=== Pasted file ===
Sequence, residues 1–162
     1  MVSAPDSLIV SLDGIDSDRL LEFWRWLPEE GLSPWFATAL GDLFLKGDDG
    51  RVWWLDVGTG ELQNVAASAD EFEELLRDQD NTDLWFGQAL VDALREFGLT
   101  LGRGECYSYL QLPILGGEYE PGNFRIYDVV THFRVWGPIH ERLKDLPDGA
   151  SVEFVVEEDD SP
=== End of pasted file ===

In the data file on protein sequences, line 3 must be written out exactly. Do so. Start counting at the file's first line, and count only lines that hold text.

    51  RVWWLDVGTG ELQNVAASAD EFEELLRDQD NTDLWFGQAL VDALREFGLT